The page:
We forgive drivers - for now. The city has begun replacing all the traffic signals and pedestrian lamps in the city with light-emitting diode (LED) ones that save taxpayers money and energy and give off less carbon dioxide to help achieve our stratospheric Kyoto goals. The eight-year plan to convert all 1,920 signalled intersections in Toronto is expected to cost $17.7 million, and with a budget of up to $2.5 million a year, that's enough to make about 270 conversions each year.
Now check out the savings: each 300 mm incandescent lamp uses 135 watts and has to be replaced yearly. The new LED lamps last eight years and use 10 to 14 watts of energy. This means that within eight years the city will go directly into a 270-lamp replacement schedule compared to a yearly overhaul of the entire grid.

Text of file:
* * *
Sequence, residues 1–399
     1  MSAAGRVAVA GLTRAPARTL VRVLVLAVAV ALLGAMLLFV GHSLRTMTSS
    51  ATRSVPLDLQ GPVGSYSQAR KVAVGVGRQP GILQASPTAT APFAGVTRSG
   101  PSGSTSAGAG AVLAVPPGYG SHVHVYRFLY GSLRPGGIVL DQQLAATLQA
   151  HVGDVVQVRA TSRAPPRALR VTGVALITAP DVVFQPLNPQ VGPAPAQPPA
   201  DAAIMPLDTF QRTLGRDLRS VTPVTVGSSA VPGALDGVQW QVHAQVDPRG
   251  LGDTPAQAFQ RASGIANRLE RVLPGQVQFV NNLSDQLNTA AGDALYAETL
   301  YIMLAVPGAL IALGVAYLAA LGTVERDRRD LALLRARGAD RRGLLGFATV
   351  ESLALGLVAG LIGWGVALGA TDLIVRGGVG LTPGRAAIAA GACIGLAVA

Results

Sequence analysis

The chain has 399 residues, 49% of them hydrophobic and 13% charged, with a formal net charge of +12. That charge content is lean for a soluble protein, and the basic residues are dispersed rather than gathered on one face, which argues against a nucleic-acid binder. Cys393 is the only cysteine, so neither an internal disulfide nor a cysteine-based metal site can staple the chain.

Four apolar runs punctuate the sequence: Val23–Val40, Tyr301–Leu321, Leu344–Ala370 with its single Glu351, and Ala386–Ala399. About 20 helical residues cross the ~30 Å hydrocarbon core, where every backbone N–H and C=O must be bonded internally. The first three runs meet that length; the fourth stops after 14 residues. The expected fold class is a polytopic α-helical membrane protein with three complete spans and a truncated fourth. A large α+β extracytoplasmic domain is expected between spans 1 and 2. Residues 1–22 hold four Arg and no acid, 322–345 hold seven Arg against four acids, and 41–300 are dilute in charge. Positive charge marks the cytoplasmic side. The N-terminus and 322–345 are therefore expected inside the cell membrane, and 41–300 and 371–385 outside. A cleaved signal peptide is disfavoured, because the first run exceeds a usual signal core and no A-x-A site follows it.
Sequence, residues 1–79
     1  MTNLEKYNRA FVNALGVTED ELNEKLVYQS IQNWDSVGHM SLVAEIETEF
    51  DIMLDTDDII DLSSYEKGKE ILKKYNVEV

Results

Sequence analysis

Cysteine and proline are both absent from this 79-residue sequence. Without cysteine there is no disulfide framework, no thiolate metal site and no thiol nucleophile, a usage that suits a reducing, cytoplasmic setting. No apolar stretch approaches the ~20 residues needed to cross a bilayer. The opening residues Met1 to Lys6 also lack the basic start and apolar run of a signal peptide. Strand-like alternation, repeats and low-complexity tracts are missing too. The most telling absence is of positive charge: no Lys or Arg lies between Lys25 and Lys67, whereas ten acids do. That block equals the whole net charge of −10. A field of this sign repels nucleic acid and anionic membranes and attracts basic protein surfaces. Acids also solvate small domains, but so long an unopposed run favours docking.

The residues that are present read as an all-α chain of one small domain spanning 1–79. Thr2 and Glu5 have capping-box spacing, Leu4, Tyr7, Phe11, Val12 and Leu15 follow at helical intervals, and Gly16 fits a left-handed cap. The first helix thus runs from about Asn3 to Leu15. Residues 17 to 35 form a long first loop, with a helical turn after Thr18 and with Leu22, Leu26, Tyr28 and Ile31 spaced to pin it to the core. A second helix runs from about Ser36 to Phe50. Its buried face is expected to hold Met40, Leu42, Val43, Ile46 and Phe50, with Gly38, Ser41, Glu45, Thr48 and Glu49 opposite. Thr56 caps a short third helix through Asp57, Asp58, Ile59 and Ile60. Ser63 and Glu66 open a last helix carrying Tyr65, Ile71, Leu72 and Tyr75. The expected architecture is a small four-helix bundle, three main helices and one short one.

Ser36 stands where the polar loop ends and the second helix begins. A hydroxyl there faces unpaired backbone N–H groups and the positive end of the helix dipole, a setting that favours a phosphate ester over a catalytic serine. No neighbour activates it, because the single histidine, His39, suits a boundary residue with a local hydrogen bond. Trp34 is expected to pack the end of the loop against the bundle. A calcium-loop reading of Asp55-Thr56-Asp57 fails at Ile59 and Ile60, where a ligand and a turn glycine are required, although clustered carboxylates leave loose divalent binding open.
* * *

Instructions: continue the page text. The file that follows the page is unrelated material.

The bottom line? Annual savings of $2 million in labour and energy costs, with an 84 per cent reduction in energy use and a 5,225-tonne yearly reduction in carbon dioxide emissions once the project is complete.
The downside?According to James Chandler, supervisor of traffic plant installation and maintenance, there just isn't the money to move more quickly. " If we had the budget, we could do it [faster],' he says.
Since January 2003, each of the city's new intersections - between 35 and 40 a year - have been equipped with these environmentally friendly lamps, while this spring 10 intersections served as crash test dummies.
One thing to note is that only the red and green lamps are being converted. The amber light is proving tough to get right and has not been certified for use yet.
The only noticeable difference in the new lamps is a much brighter light. Walkers may have noticed the new pedestrian lamps,which use 6 watts of energy compared to the 90-watt incandescents and are being installed at intersections at the same rate as traffic lights.
Drivers shouldn't stare too hard at the new, brighter signals, which may have a will-o-the-wisp effect. And remember to look in your rear-view mirror for cyclists.